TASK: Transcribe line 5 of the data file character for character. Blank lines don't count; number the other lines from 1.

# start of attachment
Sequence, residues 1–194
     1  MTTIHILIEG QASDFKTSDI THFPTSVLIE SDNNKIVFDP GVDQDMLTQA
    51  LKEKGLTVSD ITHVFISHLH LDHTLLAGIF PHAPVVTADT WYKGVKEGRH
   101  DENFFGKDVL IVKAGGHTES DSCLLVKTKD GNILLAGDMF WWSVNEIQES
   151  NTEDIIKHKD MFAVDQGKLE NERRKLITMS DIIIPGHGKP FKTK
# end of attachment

   151  NTEDIIKHKD MFAVDQGKLE NERRKLITMS DIIIPGHGKP FKTK